© 2023 St. Louis Public Radio
Play Live Radio
Next Up:
Available On Air Stations

The Sunday after: Worshippers rejoice in possibilities of hope and change

This article first appeared in the St. Louis Beacon: November 10, 2008 - The air was chilly, and the sky looked like slate, but that didn't dampen the upbeat mood of St. Louis worshippers on the first Sunday morning following the historic presidential election. On this special morning, many of them spoke of being uplifted not only by their faith but, as one worshipper put it, because "hope has been restored" by the election of Barack Obama. Some also were pleased that some Sunday sermons took note of the outcome of the election, not as an endorsement of the winner but as an indication that on the first Tuesday in November in 2008, America changed like never before. Following are comments from some worshippers about what the changes might mean.

Amy S. Collins, 71, St. Alphonsus Rock Church, 1118 North Grand Blvd.:

"The minister said a special prayer. We always pray for everything, but we prayed for the newly elected political officials this morning. What I found interesting was that the music director chose a song called 'A Change Is Gonna Come.' While we were singing it, I was thinking that that's exactly what all of us were thinking about -- change. I worked very hard for the Obama campaign. Lots of people were in tears when he won, but I knew he would win because the time was now. If we hadn't done it this time, it would have set us back at least a hundred years."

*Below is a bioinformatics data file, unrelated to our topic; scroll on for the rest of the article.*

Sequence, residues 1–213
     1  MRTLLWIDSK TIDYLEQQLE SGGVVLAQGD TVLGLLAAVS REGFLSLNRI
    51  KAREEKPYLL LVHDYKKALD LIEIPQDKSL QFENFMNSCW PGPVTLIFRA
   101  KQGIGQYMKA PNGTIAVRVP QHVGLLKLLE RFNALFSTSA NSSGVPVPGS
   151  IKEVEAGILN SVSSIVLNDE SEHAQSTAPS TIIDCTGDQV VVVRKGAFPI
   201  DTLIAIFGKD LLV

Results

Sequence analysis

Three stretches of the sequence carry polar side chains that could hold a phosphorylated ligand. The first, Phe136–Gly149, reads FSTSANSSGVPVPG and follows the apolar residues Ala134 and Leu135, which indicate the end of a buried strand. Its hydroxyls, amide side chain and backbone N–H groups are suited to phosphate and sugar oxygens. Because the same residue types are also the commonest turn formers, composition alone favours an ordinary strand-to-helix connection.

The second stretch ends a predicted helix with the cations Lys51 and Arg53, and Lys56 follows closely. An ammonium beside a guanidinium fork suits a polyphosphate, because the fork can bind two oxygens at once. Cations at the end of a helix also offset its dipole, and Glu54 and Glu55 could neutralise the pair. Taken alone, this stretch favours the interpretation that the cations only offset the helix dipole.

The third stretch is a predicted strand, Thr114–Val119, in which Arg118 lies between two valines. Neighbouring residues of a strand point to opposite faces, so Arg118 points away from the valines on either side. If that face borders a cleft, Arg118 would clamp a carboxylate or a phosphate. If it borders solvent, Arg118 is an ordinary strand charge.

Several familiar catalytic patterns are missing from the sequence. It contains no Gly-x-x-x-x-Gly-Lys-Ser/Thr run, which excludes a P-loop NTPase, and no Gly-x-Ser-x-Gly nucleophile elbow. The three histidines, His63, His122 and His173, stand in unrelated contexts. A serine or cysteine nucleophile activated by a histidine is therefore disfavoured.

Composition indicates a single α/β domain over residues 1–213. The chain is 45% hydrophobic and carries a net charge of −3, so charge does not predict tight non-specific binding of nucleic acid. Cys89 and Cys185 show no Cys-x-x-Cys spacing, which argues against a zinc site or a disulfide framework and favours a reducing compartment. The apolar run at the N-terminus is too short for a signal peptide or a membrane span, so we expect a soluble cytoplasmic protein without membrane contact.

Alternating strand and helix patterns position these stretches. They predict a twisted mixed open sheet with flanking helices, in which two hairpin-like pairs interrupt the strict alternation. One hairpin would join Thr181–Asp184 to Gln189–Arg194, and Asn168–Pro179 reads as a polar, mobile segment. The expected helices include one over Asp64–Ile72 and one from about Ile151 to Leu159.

Patricia Kyle Dennis, 58, First Unitarian Church, Kingshighway and Waterman:

"Social justice is probably the biggest emphasis in our church. It has a Christian background, but it's more a church of seekers rather than believers. We're progressive. We characterize ourselves as liberals in the truest meaning of the word, as givers, although liberals have been characterized in the worst ways in the past eight years or so. What the minister was saying (during service) was that what happened in the election was just an astounding event. I came here, and I wanted to celebrate with a lot of people. We have conservatives in the congregation, too, but she (the minister) dared to go right out and say that what happened was important. We sang 'America the Beautiful' after that. But I couldn't get through it because I was crying. It was just wonderful."

Kevin Ohlemiller, First Unitarian Church:

"Our faith is a liberal faith, and we're expected to be open minded and think the best of people. This election was a historic moment for the world and for our country. I'm proud that America had the maturity and the guts to break through the color barrier and elect the best man, who happened to be African American, for office. I'm proud to be an American."

Jerry Bryan, 69, Third Baptist Church, 620 North Grand Blvd.:

"It was one of two events that I'd refer to as historic. The first was John Kennedy who broke a big religious barrier. This one involved Barack Obama breaking a racial barrier. I see them both as significant turning points. Kennedy was young and energetic, and Obama is also young and energetic, so I see some rather interesting parallels. I guess what I'm looking for is a period of time during which we have high energy and a very strong president who seems to have an excellent ability to reason things through and make sound decisions. I just think there's an enormous opportunity for growth in this entire nation under Obama."